US support for '67 lines would break agreement with Israel

Failure to honor its commitment would seriously impair America’s ability to negotiate future accords.

G.W. Bush and Sharon 311 AP (photo credit: AP)
G.W. Bush and Sharon 311 AP
(photo credit: AP)
Israel is debating whether to impose another 90-day construction freeze in Judea and Samaria in exchange for promises by US President Barack Obama, including a promise to veto a Security Council resolution recognizing a Palestinian state based on pre-1967 lines. Would such an agreement be binding under US law? On Obama? On his successor? Would US support for a Palestinian state violate an existing agreement?
Several weeks ago it was reported that to induce PA President Mahmoud Abbas to return to negotiations, Obama offered “to formally endorse a Palestinian state based on the borders [sic] of Israel before the 1967 Middle East war” (“Risks and Advantages in US Effort in Middle East,” New York Times, October 6). Leaving aside why Abbas needs to be induced to return to negotiations intended to culminate in the creation of a Palestinian state (for the first time in history), such a promise would breach an agreement between the US and Israel entered into on April 14, 2004, by an exchange of letters between president George W. Bush and prime minister Ariel Sharon.
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US SUPPORT, or failure to oppose, a Security Council resolution for a Palestinian state based on the pre-1967 lines (these were armistice lines, not borders) would also be inconsistent with US policy going back to 1967, when the Security Council adopted Resolution 242. Famously, that resolution’s reference to territories, not “all the” territories, or even “the” territories, at the insistence of the US, over the objections of Syria and other Arab states, was intended to ensure that Israel would not be required to give up all the territory it had captured .
The letter from Sharon states:
“I attach for your review the main principles of the Disengagement Plan... According to this plan, the State of Israel intends to relocate military installations and Israeli villages and towns in the Gaza Strip, as well as other military installations and a small number of villages in Samaria.
The letter from Bush states:
“We welcome the disengagement plan you have prepared... The United States appreciates the risks such an undertaking represents. I therefore want to reassure you on several points...
“Third... In light of new realities on the ground, including already existing major Israeli population centers, it is unrealistic to expect that the outcome of final-status negotiations will be a full and complete return to the armistice lines of 1949... It is realistic to expect that any finalstatus agreement will only be achieved on the basis of mutually agreed changes that reflect these realities.”
The letters were both dated the same day. In carefully drafted language, they listed a series of commitments by Israel and the US, respectively.
A reading of the letters leaves no doubt that they were intended to memorialize an agreement between the US and Israel. A concurrent resolution, adopted June 22, 2004, states that Congress “strongly endorse[s] the principles articulated by President Bush in his letter dated April 14, 2004, to Israeli Prime Minister Ariel Sharon...”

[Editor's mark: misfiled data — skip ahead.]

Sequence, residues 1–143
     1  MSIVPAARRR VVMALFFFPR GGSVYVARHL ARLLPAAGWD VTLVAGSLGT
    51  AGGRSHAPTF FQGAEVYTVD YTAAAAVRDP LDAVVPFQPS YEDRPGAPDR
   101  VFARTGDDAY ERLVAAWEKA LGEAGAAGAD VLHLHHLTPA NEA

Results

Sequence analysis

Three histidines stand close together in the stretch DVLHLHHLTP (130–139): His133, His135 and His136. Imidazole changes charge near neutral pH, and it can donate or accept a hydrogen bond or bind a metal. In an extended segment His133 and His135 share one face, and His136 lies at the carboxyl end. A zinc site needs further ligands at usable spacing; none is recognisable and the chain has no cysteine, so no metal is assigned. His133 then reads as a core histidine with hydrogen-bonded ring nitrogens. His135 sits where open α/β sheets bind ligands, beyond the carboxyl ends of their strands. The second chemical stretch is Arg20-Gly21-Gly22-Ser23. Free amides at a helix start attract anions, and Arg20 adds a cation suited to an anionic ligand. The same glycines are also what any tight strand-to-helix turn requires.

Israel implemented the disengagement at great human and material cost. All the Jewish communities in Gaza were destroyed. Thousands of Jews were forcibly removed from the towns and villages they had built and in which they had lived and worked for many years, some all their lives. Many still have no permanent homes or jobs.
Obama’s offer “to formally endorse a Palestinian state based on the borders of Israel before the 1967 Middle East war,” if in fact made, is thus clearly inconsistent with president Bush’s “reassure[ing]” Sharon that “in light of new realities on the ground, including already existing major Israeli population centers... it is realistic to expect that any final-status agreement will... reflect these realities.”
Although the US Constitution only provides for treaties ratified by the president with the advice and consent of two thirds of the Senate, executive agreements have been used since the beginning of the United States, and most agreements between the US and other countries today are by executive agreement rather than by treaty.
In two cases decided over 70 years ago, the US Supreme Court held that executive agreements are constitutional, and that, like treaties, they supersede inconsistent state law. Those cases involved an exchange of letters between president Franklin Delano Roosevelt and Maxim Litvinov, the people’s commissar for foreign affairs of the Soviet Union, in which the US agreed to recognize the Soviet Union and the Soviet Union assigned its claims against US nationals to the US.
More recently, the Supreme Court held constitutional an executive agreement in which Iran agreed to free US embassy personnel it had taken hostage and the US agreed to dissolve a freeze on Iranian assets and nullify attachments against such assets, including those based on judgments by US courts. The Supreme Court has even ruled that the term treaty in a statute applied to executive agreements as well.
While there is, of course, no way Israel, or any other country, can compel the US to honor its treaty commitments, the US has generally done so. If Obama fails to honor agreements made by his predecessor, it would not only tarnish the US reputation internationally, it would seriously impair America’s ability to negotiate future agreements, as other states would wonder whether any US commitments they received in return for concessions would be honored.
The writer is a professor of international law at the Benjamin N. Cardozo School of Law, and served as counselor on international law in the US Department of State, Office of the Legal Adviser.